From Wikipedia: 'An explanandum is a sentence describing a phenomenon that is to be explained, and the explanans are the sentences adduced as explanations of that phenomenon. For example, one person may pose an explanandum by asking "Why is there smoke?", and another may provide an explanans by responding "Because there is a fire". In this example, "smoke" is the explanandum, and "fire" is the explanans.'

I recall somewhere in the Platonic dialogues that Socrates says that as a matter of principle an explanans must be of a higher order than what it seeks to explain. But I'm very hazy on the details. Does anyone recall the passage I might be referring to?


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ChatGPT helped out:

'Socrates makes a similar argument in the Platonic dialogue "Phaedo."

In the dialogue, Socrates argues that knowledge requires a method of inquiry that moves from the known to the unknown. He suggests that in order to explain a particular phenomenon, one must have knowledge of a more general principle or cause that underlies it. Socrates refers to this more general principle as the "cause" or "explanans," and the particular phenomenon as the "effect" or "explanandum."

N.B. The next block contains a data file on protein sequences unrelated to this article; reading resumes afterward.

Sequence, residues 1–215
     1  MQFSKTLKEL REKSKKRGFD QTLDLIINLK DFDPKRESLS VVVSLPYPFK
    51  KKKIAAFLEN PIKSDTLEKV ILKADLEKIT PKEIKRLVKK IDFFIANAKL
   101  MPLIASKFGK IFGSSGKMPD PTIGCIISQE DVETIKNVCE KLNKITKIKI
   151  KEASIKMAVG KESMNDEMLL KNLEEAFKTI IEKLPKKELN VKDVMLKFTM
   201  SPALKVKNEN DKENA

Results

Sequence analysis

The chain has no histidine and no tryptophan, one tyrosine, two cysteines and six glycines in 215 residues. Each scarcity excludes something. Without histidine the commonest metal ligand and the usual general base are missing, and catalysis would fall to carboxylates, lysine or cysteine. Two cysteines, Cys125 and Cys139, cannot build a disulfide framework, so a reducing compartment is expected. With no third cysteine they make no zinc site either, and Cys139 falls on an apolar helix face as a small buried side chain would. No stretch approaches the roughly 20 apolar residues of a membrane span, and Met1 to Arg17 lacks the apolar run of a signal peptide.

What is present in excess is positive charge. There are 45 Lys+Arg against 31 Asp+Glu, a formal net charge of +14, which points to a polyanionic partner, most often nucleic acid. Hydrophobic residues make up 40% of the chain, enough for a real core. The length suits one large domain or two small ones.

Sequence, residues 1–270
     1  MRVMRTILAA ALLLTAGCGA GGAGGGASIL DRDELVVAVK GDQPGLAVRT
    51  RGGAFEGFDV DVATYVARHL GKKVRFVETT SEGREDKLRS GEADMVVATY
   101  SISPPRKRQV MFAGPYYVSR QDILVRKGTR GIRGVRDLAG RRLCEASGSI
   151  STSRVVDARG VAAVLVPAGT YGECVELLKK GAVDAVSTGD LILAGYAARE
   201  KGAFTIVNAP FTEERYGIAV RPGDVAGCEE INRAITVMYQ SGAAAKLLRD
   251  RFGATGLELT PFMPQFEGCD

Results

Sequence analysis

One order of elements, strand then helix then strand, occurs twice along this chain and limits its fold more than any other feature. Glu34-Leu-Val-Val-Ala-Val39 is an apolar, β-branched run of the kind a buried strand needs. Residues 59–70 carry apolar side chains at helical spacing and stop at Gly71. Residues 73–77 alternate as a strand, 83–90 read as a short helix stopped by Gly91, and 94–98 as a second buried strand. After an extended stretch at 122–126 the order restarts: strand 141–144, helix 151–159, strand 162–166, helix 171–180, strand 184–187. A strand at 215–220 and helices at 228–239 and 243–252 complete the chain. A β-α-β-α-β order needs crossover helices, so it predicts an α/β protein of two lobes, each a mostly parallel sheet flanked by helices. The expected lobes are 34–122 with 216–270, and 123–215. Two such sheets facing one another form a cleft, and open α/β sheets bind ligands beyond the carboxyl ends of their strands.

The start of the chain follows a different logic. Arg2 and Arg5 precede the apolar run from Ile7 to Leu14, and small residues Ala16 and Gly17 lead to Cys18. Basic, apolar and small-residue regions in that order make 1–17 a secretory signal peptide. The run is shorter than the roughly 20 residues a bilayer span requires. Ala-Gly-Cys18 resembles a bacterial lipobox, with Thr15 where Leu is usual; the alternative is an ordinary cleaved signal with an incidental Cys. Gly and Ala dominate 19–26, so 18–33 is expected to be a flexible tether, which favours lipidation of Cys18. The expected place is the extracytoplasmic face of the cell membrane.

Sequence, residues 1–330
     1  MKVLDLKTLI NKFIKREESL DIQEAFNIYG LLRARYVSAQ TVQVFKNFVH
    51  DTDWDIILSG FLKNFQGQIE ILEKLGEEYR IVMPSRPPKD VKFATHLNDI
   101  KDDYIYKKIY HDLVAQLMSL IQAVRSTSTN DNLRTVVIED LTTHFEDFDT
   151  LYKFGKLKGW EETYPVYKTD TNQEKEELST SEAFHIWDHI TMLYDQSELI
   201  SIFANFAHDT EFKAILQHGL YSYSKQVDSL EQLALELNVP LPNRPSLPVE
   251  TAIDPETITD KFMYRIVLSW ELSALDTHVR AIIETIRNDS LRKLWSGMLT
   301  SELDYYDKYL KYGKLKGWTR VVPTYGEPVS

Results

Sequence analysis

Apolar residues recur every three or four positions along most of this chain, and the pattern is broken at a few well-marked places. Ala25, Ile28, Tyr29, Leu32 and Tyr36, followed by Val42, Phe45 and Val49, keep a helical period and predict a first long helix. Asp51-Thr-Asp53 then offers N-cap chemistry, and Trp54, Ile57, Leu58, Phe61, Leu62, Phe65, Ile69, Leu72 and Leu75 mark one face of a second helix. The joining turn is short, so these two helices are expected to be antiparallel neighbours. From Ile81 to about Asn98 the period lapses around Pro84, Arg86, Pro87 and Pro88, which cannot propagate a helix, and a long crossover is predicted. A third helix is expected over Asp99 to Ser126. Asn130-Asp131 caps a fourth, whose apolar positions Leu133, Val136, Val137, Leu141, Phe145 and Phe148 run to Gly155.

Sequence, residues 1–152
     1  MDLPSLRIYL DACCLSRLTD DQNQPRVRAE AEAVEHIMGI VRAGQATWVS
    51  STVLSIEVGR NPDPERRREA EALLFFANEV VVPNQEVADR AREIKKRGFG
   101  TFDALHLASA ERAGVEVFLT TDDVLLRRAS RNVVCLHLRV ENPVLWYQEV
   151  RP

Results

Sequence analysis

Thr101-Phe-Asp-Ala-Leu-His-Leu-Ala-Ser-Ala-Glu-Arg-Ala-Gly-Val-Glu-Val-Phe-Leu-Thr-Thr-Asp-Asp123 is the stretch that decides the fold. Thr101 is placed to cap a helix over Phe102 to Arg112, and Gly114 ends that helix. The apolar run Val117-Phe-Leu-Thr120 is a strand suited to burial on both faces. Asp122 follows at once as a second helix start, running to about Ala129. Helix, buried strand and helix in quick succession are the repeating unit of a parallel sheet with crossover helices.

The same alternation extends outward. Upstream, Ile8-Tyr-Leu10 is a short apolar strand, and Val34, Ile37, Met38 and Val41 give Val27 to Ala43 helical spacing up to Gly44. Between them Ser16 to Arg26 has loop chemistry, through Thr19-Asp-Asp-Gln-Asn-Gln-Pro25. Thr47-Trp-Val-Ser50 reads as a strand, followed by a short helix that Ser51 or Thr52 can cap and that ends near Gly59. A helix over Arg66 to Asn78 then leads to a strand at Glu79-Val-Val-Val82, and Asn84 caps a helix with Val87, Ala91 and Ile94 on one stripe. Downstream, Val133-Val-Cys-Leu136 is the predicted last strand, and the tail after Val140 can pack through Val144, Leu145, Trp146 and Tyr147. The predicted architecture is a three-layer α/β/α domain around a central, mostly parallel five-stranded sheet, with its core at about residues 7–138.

Socrates asserts that the explanans must be of a higher order than the explanandum, because it is the more general principle that explains why the particular phenomenon occurs. He uses the example of how we explain why a lyre produces sound. Socrates argues that the explanans for why a lyre produces sound is not simply that the lyre is made of wood and strings, but rather that it is in the nature of harmony and discord to produce sound. Thus, the explanans (the nature of harmony and discord) is of a higher order than the explanandum (the sound produced by the lyre).

This idea that the explanans must be of a higher order than the explanandum is sometimes referred to as the "Principle of Proportionate Causality" or the "Principle of Adequacy." It is a fundamental principle of many philosophical and scientific theories of explanation.'


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